Email awaiting you at the library x

    • Silvia Ann, although I would love declawing to end very soon or even in the not too distant future, I don’t believe it will happen. I can see the declawing of cats going on in America for another 10 years but it will end one day because it has to, being, as it is, so blatantly in conflict with a veterinarian’s ethics and code of practice.

  2. Well there’s hard evidence of what we all suspected, even though professional ethics stop this vet from joining in the fight against declawing I don’t think we’re left in any doubt of his opinion of the procedure and the reason behind some USA vets eagerness to make it available, I really hope he is right and declawing does become illegal in the near future, I know it’s complicated with all the states of the USA acting independently but surely someone somewhere with a shred of compassion has the power to say “Right, that’s enough, stop the torture now!” BTW I love the poster Ruth.

    • Thanks Babz, yes someone should call a halt to declawing and soon!
      PS I enjoyed the tea and cakes you made for after the interview 😉

  3. You did fantastically well to get the interview. It’s a very good interview and what John says is exactly the kind of thing that we are saying. John’s responses to your questions were what I would expect from a good vet in the UK.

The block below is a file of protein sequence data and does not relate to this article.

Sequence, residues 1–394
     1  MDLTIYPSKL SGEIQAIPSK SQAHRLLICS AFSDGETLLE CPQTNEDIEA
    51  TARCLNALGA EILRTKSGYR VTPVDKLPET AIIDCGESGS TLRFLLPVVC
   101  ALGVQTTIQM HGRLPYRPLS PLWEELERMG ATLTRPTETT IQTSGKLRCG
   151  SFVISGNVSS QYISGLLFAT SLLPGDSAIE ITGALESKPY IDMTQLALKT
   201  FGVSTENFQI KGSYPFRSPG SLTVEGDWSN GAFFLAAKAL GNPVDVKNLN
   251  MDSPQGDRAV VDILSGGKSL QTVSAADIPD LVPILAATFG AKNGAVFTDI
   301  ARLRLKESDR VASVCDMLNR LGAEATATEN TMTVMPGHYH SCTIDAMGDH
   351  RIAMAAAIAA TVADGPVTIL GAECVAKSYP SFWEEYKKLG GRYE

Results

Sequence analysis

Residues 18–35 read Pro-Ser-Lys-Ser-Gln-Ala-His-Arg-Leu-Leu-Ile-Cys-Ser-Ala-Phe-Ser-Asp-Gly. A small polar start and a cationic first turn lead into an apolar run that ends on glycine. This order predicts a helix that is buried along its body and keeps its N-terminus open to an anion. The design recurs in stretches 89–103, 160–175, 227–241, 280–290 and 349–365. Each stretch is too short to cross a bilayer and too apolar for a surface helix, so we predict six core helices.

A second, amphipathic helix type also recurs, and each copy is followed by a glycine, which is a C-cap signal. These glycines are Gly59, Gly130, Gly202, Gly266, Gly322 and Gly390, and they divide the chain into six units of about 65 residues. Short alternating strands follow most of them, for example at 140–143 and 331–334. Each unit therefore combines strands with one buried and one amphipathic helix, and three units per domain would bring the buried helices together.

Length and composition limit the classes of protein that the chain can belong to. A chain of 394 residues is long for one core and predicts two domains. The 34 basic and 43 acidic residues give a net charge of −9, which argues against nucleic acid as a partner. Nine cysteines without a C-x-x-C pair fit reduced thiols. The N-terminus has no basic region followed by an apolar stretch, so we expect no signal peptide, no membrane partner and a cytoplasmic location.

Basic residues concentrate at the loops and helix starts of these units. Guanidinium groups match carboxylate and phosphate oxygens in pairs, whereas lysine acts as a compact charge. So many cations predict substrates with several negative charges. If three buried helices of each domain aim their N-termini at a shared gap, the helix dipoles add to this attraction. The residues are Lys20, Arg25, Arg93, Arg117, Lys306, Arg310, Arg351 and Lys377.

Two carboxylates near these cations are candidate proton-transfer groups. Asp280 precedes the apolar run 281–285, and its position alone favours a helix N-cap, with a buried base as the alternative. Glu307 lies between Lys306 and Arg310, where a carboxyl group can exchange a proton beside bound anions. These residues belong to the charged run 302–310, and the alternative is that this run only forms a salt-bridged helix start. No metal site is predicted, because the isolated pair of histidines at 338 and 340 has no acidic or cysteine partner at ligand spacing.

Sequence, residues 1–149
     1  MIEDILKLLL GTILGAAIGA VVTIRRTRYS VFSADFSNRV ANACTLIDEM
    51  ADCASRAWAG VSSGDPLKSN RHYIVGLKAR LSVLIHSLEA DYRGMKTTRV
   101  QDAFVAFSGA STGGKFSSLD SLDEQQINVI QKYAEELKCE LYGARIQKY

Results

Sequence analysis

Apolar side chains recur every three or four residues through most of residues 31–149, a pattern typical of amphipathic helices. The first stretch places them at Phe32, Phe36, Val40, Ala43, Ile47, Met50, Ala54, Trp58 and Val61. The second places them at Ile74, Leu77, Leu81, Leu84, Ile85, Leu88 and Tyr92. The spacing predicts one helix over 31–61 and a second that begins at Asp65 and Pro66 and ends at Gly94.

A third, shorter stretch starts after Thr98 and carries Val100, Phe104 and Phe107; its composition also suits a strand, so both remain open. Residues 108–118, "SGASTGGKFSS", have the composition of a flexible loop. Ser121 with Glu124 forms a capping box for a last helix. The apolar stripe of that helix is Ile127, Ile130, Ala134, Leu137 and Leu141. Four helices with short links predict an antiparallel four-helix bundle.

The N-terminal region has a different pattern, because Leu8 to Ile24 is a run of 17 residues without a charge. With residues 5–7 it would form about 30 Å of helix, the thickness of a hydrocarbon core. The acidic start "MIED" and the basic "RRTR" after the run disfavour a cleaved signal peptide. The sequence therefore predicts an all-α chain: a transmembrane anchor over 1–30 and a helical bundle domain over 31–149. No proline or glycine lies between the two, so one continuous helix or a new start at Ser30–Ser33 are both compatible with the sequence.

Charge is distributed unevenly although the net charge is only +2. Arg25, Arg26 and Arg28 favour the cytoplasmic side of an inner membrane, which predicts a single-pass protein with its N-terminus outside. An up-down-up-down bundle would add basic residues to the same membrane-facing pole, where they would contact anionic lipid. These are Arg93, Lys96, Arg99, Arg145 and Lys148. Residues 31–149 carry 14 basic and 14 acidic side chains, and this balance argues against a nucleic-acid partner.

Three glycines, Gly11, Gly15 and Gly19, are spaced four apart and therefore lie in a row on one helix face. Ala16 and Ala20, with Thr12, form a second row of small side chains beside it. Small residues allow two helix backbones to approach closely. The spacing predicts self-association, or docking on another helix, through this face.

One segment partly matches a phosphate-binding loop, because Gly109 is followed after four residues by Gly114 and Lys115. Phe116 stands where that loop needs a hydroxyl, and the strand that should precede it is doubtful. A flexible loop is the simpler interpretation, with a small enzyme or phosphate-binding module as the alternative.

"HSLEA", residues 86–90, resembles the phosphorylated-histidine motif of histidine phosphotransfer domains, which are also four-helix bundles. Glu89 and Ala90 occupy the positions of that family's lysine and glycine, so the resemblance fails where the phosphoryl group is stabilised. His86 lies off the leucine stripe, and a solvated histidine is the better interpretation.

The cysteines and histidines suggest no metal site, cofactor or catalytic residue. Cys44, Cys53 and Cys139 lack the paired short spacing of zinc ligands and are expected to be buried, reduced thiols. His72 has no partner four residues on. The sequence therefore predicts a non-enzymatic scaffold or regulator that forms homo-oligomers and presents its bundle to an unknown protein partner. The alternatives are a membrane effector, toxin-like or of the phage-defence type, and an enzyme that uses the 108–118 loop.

The interview highlights the bizarre nature of what is going on in America. In England we have a veterinarian who thinks declawing cats in America is frankly ridiculous (reading between the lines) and yet in America almost 100% of veterinarians believe it to be acceptable. Polar opposites! Bizarre, because they are both veterinarians trained to a similar standard and with similar ethics. Or the ethics should be similar but apparently not.

    We have to conclude that the ethics of the American veterinarian are lower than those of the English veterinarian and for the American vet ethics take a back seat to money.

    • John will be in his 50s now and I think his generation of UK vets really did care more about the patient than making money.
      Not one of the other vets I contacted asking about an interview even replied, but now I think we know why, because it’s nothing to do with them? Or because they don’t want to upset others in their profession by telling the truth? What do you think?